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Atlanta mayor candidate Felicia Moore lays out public safety platform

The City Council president spoke publicly on the topic on Friday.

ATLANTA — Public safety has become a focal point in Atlanta's mayoral race amid spikes in crime the city has seen the last two years, and now Felicia Moore has laid out her plans to address things if she becomes mayor.

The City Council president spoke publicly on the topic on Friday, largely focusing on the future of the Atlanta Police Department with an emphasis on de-escalation tactics, assistance for mental health workers, and addressing what she called "legacy racism and police brutality."

She also talked about the need to take a deep look at the issues leading to crime and warned the city can't arrest its way out of a crisis.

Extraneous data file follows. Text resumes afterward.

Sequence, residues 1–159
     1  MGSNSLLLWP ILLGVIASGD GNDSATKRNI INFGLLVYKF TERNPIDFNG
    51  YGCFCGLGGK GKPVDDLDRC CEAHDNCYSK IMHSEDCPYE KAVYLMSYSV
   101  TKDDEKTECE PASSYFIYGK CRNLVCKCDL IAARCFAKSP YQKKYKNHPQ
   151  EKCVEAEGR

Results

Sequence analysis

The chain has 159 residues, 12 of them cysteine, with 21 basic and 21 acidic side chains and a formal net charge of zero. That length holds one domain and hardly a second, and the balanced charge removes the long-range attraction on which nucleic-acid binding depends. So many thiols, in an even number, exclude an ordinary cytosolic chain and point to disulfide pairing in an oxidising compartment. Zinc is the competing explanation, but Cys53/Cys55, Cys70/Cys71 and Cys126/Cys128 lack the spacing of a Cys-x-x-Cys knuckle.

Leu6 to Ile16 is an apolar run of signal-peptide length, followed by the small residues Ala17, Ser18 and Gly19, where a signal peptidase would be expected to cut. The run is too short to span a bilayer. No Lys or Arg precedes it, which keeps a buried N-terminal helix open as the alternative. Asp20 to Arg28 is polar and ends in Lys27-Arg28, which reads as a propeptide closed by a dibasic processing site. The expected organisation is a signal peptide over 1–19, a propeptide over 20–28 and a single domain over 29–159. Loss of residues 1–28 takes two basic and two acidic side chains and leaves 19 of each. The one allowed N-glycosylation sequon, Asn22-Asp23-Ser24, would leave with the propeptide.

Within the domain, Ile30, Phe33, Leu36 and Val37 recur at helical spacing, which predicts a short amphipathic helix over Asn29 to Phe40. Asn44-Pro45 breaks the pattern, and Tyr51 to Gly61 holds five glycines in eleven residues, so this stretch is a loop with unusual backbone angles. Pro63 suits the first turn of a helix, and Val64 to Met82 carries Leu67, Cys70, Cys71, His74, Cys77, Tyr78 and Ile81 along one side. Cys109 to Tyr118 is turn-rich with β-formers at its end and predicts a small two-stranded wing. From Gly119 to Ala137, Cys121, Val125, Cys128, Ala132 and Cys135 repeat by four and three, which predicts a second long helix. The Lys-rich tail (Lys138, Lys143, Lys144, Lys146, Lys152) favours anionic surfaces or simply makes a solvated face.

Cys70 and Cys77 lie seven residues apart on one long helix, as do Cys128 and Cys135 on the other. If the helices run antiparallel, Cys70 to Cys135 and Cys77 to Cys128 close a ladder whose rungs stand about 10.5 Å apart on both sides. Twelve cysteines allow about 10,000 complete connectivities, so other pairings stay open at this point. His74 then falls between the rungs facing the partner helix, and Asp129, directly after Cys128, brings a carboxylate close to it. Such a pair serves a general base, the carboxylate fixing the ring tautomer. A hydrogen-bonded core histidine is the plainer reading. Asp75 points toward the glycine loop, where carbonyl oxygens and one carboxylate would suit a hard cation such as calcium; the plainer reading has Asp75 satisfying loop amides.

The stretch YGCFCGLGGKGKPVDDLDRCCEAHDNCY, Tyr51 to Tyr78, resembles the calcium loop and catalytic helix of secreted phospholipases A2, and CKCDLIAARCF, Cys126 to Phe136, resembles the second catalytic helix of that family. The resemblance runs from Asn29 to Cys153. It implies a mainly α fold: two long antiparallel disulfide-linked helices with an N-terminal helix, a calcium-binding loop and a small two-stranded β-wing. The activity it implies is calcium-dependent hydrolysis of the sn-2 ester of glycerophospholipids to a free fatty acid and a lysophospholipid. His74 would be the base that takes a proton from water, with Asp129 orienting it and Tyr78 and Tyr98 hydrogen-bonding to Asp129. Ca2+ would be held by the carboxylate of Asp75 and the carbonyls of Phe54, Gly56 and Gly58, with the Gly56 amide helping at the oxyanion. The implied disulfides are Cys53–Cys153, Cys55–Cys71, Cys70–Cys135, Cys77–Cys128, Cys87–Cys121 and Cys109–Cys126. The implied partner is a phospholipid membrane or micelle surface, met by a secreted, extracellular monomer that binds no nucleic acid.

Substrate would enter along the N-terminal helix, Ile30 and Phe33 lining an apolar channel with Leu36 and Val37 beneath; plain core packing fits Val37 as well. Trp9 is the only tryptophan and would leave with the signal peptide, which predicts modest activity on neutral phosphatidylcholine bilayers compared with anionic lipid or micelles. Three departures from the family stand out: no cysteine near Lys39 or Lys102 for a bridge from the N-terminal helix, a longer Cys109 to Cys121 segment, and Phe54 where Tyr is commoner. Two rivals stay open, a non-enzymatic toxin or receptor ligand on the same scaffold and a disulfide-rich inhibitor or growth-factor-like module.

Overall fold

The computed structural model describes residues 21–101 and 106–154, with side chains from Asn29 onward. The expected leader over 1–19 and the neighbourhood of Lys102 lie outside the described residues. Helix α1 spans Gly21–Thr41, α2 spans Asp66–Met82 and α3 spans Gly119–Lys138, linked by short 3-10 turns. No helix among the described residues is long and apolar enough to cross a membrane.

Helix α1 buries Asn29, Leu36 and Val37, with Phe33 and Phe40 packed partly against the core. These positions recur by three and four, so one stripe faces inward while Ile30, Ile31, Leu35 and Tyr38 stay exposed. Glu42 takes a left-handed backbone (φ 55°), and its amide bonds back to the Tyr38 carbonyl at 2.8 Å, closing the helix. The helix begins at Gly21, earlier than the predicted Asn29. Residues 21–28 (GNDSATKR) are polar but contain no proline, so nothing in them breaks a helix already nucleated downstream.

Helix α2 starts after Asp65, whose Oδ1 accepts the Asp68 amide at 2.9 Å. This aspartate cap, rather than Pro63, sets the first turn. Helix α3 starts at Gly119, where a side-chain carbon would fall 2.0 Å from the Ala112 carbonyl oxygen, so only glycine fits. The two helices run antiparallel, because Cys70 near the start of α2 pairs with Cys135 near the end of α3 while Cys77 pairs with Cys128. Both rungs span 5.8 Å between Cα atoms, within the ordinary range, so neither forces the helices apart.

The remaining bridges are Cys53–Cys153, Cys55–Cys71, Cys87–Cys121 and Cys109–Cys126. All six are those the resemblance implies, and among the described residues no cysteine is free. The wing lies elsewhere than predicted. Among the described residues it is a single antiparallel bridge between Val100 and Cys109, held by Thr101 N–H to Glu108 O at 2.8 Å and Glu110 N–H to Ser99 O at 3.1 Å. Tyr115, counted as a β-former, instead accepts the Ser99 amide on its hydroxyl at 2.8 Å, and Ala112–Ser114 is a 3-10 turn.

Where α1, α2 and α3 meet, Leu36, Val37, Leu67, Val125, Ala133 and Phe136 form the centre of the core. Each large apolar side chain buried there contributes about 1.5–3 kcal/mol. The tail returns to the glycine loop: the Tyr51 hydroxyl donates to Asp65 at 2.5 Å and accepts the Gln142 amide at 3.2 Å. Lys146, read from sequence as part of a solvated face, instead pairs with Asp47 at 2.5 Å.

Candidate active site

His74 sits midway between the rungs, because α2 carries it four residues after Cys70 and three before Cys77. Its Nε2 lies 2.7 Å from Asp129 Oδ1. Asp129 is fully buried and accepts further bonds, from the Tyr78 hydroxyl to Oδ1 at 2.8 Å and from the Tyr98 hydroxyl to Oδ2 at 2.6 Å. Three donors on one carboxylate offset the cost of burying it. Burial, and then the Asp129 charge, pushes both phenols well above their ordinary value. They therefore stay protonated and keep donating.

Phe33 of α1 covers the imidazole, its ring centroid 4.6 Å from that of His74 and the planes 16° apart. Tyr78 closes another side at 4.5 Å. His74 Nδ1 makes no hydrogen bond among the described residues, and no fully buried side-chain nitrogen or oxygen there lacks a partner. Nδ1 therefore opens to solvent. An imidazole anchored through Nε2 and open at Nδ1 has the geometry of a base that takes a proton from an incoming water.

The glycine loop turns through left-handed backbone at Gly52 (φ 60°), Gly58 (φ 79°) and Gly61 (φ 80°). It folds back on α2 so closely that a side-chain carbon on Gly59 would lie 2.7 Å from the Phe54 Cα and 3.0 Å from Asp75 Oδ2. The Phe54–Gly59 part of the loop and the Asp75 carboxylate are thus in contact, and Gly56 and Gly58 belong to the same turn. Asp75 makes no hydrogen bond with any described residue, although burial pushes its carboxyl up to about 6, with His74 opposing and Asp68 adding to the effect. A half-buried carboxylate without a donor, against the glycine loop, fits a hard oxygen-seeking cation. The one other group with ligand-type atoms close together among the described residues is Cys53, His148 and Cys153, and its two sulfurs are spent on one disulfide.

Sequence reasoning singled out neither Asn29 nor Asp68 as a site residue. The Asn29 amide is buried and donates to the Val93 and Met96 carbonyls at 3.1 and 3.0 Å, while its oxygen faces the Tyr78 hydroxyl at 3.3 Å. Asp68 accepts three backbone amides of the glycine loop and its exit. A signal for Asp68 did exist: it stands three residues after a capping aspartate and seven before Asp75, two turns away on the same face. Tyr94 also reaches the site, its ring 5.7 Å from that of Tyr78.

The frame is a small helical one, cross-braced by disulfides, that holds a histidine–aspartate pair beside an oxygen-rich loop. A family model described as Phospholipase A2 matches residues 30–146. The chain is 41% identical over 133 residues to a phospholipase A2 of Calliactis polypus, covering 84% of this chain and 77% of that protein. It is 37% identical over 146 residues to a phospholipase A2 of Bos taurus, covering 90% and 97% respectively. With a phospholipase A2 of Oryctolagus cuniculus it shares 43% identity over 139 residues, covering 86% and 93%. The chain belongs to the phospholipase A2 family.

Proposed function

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"We can't just fall back sort of on the policies that we've had over the last five or 10 years," Moore said. "We need to create a 21st Century police department, where our officers see themselves as guardians and not warriors against crime."

Moore said as mayor she would keep the Atlanta City Detention Center open, which current Mayor Keisha Lance Bottoms had once vowed to close. Moore said she would allow Fulton County to house prisoners there, citing what she said were overcrowded conditions at the Fulton County Jail.

Moore has been polling high among candidates in the mayor's face and has strong recognition two her two decades of serving on the City Council.

She is up against other council members, including Antonio Brown and Andre Dickens, as well as former Mayor Kassim Reed in the 2021 race.

Early voting begins on Oct. 12, but you have to be registered to vote by Monday in order to cast a ballot in the race.

11Alive will host a mayor's debate on Oct. 13 at 7 p.m., moderated by anchors Shiba Russell and Jeff Hullinger.

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